Test cubes. So many test cubes.
Now that you've had your glorious moment with the first print on your printer, it's time to get down to the business of making your prints spectacular. That process begins with a download from Thingiverse. Spacexula's calibration objects are the standby of all RepRappers getting their machines tuned and settings set. The page for the calibration set is quite informative, but really the big deal is printing the 20mm x 20mm x 10mm cube. You'll see a lot of this object coming off the printer.
So, download the set and print the first one of many cubes. When it's printed one of the first things to check are the dimensions. You calibrated the steps_per_unit in firmware earlier, but now is the real first practical test. Get some calipers and measure the width, depth, and height. Go back to prusajr's calculator and make adjustments to the firmware settings. Remember that the line width will throw off the measurement with the calipers by one full line width. So, whether you print 20mm wide or 100mm, an accurate print will measure one line width too wide. Subtract that width from your measurement for the calculator. If you have a .35 nozzle that value is somewhere in the neighborhood of .54mm.
Print the cube repeatedly, measuring and adjusting the x, y and z firmware settings until you home in on the precision you expect. Don't overdo it, though--it can only be just so precise.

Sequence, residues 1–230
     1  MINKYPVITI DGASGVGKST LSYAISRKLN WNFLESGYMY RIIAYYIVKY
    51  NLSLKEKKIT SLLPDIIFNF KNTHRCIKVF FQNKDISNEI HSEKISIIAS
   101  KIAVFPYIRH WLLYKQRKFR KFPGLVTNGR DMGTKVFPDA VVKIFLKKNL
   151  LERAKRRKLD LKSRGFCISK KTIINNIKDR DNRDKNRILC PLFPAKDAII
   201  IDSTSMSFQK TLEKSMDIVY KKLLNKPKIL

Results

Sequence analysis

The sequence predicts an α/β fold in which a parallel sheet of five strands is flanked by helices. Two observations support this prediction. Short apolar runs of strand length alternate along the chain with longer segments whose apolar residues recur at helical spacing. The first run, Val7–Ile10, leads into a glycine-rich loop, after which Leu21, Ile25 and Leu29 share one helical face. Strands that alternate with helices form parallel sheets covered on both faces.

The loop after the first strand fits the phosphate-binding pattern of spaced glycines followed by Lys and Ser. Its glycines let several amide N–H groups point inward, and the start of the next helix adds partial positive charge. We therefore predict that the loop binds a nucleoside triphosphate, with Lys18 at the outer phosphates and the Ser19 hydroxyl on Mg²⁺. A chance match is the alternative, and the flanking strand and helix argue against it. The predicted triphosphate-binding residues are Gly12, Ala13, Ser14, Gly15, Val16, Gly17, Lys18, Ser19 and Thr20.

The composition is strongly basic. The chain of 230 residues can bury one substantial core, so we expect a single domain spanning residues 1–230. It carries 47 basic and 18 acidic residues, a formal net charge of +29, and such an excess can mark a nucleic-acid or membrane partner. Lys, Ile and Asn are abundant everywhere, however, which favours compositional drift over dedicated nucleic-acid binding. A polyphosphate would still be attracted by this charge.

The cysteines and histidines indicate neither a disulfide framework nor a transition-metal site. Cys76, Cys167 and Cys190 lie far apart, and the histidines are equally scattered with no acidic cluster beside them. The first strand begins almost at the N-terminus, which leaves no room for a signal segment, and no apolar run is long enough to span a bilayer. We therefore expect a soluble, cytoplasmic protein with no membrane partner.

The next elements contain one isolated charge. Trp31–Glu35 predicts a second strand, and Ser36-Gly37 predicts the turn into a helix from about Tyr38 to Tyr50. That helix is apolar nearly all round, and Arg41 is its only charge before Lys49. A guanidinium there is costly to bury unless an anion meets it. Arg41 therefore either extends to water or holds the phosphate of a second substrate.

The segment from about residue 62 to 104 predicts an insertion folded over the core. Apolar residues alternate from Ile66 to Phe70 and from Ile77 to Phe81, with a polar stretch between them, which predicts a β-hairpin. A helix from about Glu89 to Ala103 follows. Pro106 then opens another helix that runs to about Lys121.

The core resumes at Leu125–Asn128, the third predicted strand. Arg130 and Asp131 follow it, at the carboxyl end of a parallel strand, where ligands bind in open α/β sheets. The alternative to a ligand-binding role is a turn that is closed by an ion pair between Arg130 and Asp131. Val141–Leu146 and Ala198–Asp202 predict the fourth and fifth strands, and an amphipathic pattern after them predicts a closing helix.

Calibration Step Four: Understanding Skeinforge
The good news is that there are only a few really important settings. The even better news in my opinion is that with Skeinforge there are lots of things you can customize and fine tune. There is a program based on Skeinforge called SFact which claims to be simple to use and simple to calibrate. It's not to my taste. Skeinfoge can be a little intimidating at first, but you can get the hang of it quickly if you try. Take it from one beginner to another.
The essence of the following settings has to do with calibrating the machine's flow rate. How much and how fast should the plastic flow out of the nozzle. How fast should the machine move relative to the flow of plastic out of the nozzle? Getting these answers right is the difference between good prints and bad.